The Nigerian Meteorological Agency (NIMET) has warned of low yield of agricultural produce for 2017 owing to an early cessation of rains that may have dire impact on the agricultural sector.
Director General/CEO of NIMET, Dr. Anthony Anuforom, who stated this at the annual Seasonal Rainfall Prediction (SRP) held in Abuja yesterday said Nigeria would be witnessing a year characterised by the early onset of very heavy downpour, which may, however, not last very long and a dry season that will start about October in most parts of the country.
On the 2017 forecast, he said there will be “an early cessation of rain in Nigeria resulting in shorter than normal length of growing season for farmers.”
Said the forecast: “The expected below normal rainfall for 2017 will pose challenge to enhanced food production and the Federal Government’s policy on food security and agriculture as a business towards foreign exchange earnings. Rain-fed agricultural production in the country this year would have to be supported with irrigation for farmers to get good yield apart from the provision of seeds, fertilisers and other inputs.
“Government should, therefore, take these predictions very serious to enable it meet its projections in the achievement of self-sufficiency in basic food supply and the attainment of food security and also in the improvement in the quality of life of citizens, particularly rural dwellers, resulting in poverty eradication.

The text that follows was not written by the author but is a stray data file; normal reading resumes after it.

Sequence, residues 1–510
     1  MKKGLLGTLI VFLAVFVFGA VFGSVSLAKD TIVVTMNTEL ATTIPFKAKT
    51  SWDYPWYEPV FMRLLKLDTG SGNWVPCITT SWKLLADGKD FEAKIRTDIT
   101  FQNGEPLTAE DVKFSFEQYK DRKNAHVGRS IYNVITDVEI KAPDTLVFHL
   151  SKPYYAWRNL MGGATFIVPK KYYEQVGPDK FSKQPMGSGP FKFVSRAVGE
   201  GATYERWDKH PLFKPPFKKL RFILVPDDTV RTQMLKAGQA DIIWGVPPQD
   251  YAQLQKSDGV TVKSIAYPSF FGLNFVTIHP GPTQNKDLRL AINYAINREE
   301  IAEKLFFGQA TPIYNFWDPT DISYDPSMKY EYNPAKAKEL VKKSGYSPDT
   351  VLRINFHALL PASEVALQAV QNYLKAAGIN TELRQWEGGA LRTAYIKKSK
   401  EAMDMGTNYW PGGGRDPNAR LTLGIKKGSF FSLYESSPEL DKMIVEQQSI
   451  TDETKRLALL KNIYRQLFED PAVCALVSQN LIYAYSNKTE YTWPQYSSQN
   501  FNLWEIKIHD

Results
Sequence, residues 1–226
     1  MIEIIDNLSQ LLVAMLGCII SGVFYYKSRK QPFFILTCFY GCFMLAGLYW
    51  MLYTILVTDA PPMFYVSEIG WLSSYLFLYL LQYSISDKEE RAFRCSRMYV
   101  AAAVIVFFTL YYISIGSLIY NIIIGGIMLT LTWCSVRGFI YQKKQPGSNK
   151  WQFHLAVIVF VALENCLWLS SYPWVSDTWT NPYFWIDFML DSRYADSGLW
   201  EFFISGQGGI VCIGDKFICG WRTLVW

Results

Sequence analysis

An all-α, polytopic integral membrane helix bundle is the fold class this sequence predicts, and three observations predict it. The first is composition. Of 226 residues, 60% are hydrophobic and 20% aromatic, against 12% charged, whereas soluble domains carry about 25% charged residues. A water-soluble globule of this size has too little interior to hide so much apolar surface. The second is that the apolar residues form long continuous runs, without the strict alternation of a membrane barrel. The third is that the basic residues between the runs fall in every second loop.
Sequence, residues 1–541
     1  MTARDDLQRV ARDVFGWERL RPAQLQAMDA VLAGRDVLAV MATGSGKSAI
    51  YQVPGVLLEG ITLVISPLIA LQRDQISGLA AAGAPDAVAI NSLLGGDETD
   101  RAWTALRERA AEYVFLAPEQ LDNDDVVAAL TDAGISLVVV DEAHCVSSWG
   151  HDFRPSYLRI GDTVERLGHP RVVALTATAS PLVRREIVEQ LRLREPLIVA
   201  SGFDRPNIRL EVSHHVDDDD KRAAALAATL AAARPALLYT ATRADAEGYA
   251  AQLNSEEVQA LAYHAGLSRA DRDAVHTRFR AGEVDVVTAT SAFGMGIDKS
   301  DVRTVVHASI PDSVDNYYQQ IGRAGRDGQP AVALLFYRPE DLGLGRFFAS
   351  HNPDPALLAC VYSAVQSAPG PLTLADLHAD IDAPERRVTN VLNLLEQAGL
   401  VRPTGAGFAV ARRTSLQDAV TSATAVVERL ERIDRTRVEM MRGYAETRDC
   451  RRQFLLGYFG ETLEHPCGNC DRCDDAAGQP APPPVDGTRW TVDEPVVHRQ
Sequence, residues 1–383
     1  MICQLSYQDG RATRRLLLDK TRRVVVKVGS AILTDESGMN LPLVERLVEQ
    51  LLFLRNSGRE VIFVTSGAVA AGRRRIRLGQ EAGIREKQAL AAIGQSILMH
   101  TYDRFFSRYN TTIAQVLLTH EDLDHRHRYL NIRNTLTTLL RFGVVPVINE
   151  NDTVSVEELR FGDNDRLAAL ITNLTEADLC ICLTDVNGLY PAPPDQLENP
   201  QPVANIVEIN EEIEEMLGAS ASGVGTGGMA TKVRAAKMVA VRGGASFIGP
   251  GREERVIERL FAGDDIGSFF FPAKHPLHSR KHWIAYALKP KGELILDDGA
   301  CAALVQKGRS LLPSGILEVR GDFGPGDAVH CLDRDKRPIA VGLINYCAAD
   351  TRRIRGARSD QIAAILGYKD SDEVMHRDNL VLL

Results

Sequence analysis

Anuforom also spoke on how the 2017 weather changes will affect the spread of malaria in the country: “The process of mosquito birth and bites is directly influenced by rainfall, temperature and humidity that give rise to differences in stability of disease transmission.
“In 2017, we are likely to experience high to extreme mosquito population throughout the year and risk in mosquito population is expected to grow with the rainy season months. So for the first time, we are making this malaria forecast to sensitise citizens and health sector workers to better prepare to grapple with the deadly disease of malaria because in 2012 we warned of extreme floods in our forecast and people didn’t heed to our warnings and the country lost billions of naira in the agricultural and housing sectors.
Anuforom said the agency had achieved a 75 – 80 per cent accuracy in its predictions pointing to the extreme or humid temperature forecast for 2016 as having turned out to be true.
Meanwhile, Minister of State for Aviation, Senator Hadi Sirika, in his speech at the event enjoined Nigerians, especially investors in the agricultural and housing sectors, to avail themselves of the data provided by NIMET on rainfall for 2017.
He said in the contemporary age of technological advancement, it amounted to sheer display of ignorance for government and investors to discard weather forecasts in their planning and projections.